Awkward. Black. Anxious

What does your anxiety look like? Is it how the media tells you it should be? Hyperventilating. Rocking in a corner somewhere. Always panicking. It’s this baseline that I’ve always kept in the back of my mind—before and after the formal education in counseling. I never thought that I would fit any of the criteria for what it “truly” means to be considered anxious. I was just an over thinker. I was always questioning the situation and considering every—and I mean every—what if. It was a silent struggle, one that I didn’t think much of because it was a norm for me. I wasn’t like that, I told myself. I wasn’t like them, but I was always the ear for their worries. I never internalized the possibility that it could be a reality for me because I’ve seen others who really struggled. I would deal, right? But the signs were there.

I’ve spent many nights simply crying in my room for various reasons. It would be sudden and full, leaving me questioning why it happened on top of whatever ‘why’ I had at that moment. I rationalized by saying that a good cry was a soul cleanse and that I would feel better after (which is true but didn’t explain that underlying cause for the waterworks).

It came in the form of isolation where in even the slightest of situations I would shut down and withdraw. I would hope and wish for a way out of a situation but kept the mask on that I was okay but just quiet. I would take a second to cry in a bathroom or corner to collect myself before returning to the crowd and even then, I’ve often felt so alone in a room full of people. My mind would race even with the laughs. I rationalized that I was just introverted and it was okay (also has some truth—because I am introverted even in being a “people person.” But still, not the full explanation).

With that, my relationships with friends weren’t as they should’ve been. Yeah, I had them, but I had a twisted pride in not letting many in. Some sort of a support system was there, but never utilized because: independence. I was superwoman, but when I looked to the left and the right, I felt that I had nobody to share it with (genuinely). Even in surrounding myself with these dynamic groups of women, I felt on the outskirts; lonely once again, questioning myself about why I couldn’t be a part of the love I saw these women radiating. And it didn’t help that if I even hinted at my actual feelings that it was quieted by the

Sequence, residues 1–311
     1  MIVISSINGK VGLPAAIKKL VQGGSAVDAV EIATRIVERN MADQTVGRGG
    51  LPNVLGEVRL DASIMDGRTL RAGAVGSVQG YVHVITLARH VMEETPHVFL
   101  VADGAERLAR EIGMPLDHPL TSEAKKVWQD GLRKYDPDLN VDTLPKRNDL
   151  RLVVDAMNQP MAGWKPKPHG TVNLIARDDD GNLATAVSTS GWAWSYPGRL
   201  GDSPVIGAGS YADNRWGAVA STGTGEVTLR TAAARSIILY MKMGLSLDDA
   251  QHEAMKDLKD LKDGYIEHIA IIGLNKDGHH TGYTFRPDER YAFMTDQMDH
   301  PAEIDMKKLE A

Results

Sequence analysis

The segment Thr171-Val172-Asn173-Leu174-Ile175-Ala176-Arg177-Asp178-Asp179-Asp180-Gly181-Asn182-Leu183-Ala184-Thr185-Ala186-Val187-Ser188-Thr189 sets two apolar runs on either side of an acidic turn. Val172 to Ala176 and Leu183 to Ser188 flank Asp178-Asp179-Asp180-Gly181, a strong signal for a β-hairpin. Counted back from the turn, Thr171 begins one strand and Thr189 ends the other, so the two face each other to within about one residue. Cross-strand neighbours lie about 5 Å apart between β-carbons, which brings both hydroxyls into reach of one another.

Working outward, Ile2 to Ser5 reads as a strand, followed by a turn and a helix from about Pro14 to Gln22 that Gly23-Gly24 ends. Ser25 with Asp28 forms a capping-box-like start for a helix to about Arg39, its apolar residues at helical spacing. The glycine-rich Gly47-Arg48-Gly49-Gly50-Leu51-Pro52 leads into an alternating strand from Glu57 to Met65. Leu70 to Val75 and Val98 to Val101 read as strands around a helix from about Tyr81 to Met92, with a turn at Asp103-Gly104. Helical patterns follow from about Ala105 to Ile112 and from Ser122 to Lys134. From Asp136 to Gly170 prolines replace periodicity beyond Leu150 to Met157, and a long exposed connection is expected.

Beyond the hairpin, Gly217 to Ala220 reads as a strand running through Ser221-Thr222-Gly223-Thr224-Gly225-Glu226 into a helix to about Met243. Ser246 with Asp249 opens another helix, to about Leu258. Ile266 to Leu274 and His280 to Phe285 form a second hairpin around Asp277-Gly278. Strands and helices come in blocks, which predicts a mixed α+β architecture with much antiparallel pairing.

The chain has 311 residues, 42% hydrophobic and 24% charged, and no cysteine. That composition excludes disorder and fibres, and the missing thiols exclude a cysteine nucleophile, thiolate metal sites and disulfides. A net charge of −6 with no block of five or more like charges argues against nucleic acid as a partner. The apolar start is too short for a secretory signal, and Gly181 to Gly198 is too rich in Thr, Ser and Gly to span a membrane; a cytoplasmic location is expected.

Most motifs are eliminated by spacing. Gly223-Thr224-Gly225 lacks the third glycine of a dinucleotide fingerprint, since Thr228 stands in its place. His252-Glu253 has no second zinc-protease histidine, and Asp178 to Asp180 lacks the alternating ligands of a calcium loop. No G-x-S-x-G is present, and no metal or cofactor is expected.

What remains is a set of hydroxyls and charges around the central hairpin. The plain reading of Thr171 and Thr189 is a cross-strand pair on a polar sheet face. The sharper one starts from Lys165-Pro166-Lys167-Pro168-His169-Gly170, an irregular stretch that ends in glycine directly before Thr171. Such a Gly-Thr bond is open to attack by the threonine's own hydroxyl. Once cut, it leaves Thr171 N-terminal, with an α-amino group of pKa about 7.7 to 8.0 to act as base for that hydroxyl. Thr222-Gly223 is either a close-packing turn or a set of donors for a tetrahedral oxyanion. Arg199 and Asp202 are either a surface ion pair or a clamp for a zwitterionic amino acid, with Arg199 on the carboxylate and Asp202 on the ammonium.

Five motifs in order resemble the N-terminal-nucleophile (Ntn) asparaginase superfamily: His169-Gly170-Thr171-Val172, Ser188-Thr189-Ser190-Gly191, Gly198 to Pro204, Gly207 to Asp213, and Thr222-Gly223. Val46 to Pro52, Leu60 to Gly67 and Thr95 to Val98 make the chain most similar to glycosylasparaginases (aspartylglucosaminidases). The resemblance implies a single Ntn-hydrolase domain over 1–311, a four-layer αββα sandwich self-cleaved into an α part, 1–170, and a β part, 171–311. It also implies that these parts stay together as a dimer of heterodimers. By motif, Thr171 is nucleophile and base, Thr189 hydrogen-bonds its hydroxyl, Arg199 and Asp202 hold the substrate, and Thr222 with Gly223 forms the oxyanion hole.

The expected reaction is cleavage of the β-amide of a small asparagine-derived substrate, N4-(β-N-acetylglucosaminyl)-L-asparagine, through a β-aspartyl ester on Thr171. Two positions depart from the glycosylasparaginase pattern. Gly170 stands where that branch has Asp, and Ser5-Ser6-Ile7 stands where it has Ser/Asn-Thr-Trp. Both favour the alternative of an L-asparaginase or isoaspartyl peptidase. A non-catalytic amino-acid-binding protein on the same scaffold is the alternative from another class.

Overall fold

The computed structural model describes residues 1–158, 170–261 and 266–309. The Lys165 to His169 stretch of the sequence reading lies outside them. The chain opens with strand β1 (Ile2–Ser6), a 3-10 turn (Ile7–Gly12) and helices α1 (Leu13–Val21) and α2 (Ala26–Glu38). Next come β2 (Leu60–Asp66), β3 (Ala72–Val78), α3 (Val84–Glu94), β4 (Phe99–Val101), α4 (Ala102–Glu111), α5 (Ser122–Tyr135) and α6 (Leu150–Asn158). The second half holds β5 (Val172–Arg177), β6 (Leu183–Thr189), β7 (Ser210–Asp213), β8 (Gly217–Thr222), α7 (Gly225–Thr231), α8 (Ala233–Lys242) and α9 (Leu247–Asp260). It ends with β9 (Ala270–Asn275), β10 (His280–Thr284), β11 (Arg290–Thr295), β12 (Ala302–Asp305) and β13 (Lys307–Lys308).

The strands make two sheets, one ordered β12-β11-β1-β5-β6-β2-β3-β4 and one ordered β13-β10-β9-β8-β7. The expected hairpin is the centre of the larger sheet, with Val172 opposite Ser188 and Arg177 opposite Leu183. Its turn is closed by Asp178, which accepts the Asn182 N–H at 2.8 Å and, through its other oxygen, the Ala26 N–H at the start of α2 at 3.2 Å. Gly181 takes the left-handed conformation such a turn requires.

“But you seem so confident/you’re so beautiful/what could be wrong???/Oh, you’ll be fine!” Thus, the cycle begins again.

The thoughts. The tears. The isolation. The fear of abandonment and loneliness. The thoughts of the worst.

I never knew exactly when these feelings of anxiety started though I do vividly remember crying fervently during my last semester in graduate school when I had to deal with papers, man-woes and somehow still building the barriers to stop the thoughts in my head about anything and everything. My spirit couldn’t take it and released the tension with the salty rain shower on my face, creating puddles of uncertainty and fear in my pillow. That was me at 23. And since then, there has been many more times when I would fill up just to boil over, just to go back out into the world as if nothing happened.

It was a hard yet important lesson, reflecting back, that the mask and expression of your anxiety is different for everybody. We’ve all seen the memes on social media of checking in on your strong friend. That was/is my mask. But in reality, I’ve always wanted to be vulnerable with those who were close to me even if there is judgment, however I never felt that I had a chance. Everybody came to me with their problems, but who was I able to turn to (is what the anxiety whispers kept reminding me of)?